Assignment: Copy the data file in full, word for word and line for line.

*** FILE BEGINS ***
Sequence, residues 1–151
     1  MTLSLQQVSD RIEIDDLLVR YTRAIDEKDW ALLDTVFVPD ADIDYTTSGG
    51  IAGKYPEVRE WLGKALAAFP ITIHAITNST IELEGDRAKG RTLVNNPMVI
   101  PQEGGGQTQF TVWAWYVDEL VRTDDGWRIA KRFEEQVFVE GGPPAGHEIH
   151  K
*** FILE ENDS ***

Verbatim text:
Sequence, residues 1–151
     1  MTLSLQQVSD RIEIDDLLVR YTRAIDEKDW ALLDTVFVPD ADIDYTTSGG
    51  IAGKYPEVRE WLGKALAAFP ITIHAITNST IELEGDRAKG RTLVNNPMVI
   101  PQEGGGQTQF TVWAWYVDEL VRTDDGWRIA KRFEEQVFVE GGPPAGHEIH
   151  K